Daily Choices

Stop the Junk Mail and Use Paperless Billing

Lighten the load in your mailbox and recycling bin.

How much of the mail in your mailbox do you really want to look at, and how much goes straight to the recycling bin? The average American receives 41 pounds of junk mail every year. But you don’t have to take it anymore! See the Resources tab for links that let you stop the junk mail.

The other things likely filling up your mailbox are bills. Most companies you regularly do business with — utilities, credit cards, your bank, phone company, etc. — offer a paperless billing option. Get your bill online and pay it online if you like. You can always print any records you want, including old bills, from the company’s website.


mailbox stuffed with junk mail

Image credit: Flash-ka/Shutterstock


Sign up at Catalog Choice to stop receiving unwanted catalogs, phone books, coupons and credit card solicitations at the source.  (You can choose to keep receiving the ones you want and get notice of sales and specials via email if you like.)

Register on the “Do Not Mail” list with the Direct Marketing Association to stop much of your unwanted junk mail.

Visit 41pounds.org and have them contact junk mailers and catalog companies on your behalf to be removed from their mailing lists.

According to DoNotMail.org, the average American will spend eight months of their life dealing with junk mail. In addition to saving eight months of your life, stopping junk mail can have a huge impact on the environment. According to Harvard Sustainability, more than 100 million trees are destroyed each year for junk mail and the production uses the same amount of energy as at least 3 million cars.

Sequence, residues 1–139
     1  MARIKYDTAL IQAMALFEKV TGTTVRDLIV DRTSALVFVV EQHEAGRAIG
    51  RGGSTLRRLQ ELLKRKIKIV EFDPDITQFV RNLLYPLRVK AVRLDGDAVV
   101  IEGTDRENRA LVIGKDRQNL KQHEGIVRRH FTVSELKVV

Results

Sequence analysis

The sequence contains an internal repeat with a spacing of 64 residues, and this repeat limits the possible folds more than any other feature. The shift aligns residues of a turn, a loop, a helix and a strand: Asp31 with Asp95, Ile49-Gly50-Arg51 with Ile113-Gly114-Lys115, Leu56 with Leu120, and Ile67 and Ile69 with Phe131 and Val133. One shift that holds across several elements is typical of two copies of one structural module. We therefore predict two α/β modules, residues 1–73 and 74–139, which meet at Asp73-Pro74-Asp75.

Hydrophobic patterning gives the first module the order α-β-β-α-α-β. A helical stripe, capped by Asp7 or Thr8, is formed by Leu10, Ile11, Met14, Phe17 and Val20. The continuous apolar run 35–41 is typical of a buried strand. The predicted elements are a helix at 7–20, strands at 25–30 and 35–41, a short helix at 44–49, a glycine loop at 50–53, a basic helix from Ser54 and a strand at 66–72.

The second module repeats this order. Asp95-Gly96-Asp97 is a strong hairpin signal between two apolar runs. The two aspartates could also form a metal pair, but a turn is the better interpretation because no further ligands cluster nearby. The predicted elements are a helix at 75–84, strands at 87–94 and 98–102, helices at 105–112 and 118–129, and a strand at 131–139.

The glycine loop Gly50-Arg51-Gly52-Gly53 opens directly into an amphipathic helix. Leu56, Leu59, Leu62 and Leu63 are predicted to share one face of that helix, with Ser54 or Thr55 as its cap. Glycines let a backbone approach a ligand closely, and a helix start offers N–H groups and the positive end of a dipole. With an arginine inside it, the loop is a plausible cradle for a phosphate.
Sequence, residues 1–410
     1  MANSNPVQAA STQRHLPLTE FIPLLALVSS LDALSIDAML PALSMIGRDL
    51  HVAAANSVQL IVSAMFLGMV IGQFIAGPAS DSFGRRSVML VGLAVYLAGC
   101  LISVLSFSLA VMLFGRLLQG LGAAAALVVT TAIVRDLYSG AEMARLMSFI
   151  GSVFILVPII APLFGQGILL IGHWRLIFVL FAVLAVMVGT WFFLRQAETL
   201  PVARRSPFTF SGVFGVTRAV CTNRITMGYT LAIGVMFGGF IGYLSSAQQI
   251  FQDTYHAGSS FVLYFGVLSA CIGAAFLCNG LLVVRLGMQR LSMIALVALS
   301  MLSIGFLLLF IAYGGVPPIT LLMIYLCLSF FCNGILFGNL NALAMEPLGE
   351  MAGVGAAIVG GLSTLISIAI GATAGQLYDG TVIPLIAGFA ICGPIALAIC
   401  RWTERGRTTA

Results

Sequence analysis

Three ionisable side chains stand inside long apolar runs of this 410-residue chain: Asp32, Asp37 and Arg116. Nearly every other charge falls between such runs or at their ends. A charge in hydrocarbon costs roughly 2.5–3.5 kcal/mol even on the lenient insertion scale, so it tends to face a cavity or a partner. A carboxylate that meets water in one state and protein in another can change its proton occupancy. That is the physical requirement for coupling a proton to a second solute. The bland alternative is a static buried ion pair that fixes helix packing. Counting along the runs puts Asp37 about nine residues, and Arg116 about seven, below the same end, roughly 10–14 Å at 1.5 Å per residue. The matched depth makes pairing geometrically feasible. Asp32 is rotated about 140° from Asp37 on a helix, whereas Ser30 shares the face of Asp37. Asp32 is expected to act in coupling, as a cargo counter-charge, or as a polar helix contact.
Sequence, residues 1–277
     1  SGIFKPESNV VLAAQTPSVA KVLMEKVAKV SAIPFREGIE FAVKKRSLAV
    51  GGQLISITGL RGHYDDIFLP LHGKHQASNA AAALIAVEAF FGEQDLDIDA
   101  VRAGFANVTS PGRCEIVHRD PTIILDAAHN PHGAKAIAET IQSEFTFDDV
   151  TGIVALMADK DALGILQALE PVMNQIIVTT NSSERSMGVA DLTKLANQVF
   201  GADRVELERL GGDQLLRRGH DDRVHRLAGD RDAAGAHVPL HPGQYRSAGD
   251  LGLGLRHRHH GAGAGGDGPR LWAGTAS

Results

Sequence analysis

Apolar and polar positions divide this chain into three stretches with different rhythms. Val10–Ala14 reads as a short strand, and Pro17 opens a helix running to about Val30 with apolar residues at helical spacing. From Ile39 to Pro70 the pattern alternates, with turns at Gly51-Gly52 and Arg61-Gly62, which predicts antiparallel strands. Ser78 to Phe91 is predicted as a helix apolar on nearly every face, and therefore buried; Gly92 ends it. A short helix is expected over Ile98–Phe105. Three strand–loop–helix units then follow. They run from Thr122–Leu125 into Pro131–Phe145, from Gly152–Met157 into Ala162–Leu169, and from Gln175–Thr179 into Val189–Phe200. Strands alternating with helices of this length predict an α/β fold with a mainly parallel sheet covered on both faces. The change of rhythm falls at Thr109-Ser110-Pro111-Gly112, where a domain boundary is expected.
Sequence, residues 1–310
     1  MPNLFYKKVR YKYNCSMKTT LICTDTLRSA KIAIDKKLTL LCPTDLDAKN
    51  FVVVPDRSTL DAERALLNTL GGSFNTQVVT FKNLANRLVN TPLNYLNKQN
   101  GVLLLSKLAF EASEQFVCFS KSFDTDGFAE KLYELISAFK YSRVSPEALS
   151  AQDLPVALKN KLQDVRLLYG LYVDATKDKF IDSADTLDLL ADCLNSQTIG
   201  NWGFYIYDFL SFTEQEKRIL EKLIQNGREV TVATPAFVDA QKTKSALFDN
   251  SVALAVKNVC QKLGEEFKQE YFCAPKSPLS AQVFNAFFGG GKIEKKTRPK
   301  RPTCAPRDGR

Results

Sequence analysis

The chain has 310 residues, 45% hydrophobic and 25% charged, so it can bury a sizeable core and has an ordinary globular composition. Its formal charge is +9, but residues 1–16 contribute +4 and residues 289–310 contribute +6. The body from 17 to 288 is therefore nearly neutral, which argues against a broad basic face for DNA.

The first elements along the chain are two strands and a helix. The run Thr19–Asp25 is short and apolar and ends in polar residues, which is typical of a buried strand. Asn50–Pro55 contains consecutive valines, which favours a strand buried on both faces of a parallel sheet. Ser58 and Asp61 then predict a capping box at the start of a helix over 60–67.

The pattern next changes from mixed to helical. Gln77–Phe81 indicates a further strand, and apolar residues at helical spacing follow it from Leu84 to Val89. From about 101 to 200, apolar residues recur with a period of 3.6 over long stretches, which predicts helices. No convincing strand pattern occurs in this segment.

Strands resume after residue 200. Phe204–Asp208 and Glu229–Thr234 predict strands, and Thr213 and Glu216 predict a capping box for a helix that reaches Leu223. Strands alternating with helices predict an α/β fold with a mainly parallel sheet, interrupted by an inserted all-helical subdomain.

Use electronic billing and save on postage costs!

If I switch catalogs and bills over to email, my email inbox is going to be overwhelming! What if I change my mind and don’t want all that email?

It’s a lot easier and better for the environment to hit “delete” or “unsubscribe” than to go through the printing and recycling process. Contrary to popular belief, it’s usually perfectly safe to click “unsubscribe” in an email from a reputable retailer, especially if it’s a list you signed up for. It’s the scam emails — the Nigerian prince, the returned tax payment, the, ahem, “enhancement” offers — that you don’t want to click “unsubscribe” in.

What if I don’t want to stop everything; what if there’s just one or two things I don’t want to get anymore?

There’s usually a toll-free number on the back of the catalog or on the order form. Just call it and opt-out.

Is it really safe to pay bills online? What if my information gets stolen?

In many ways, online billing is now safer. It is easier for a thief to steal your statements out of your mailbox than it is for them to hack them from online. Banks keep safeguards in place to protect your data such as encryption, separating credit card data from other data, and securing all banking applications. There are also many steps that can be taken personally to ensure security such as creating difficult passwords that are changed frequently, never put your Social Security number online, and never click on unfamiliar hyperlinks.

(3) Comments

  1. Irene Rutter Jan 15, 2012

    Pay bills online! You’ve got to be kidding. Nothing on the internet is safe. My security is far more important than saving paper.

  2. Jeff Jan 22, 2012

    Terrific service and super easy. I didn’t know this existed. Thank you.

  3. granny0ne Apr 24, 2016

    Why do companies, especially banks and insurance, encourage paperless billing yet send out tons of junk mail?

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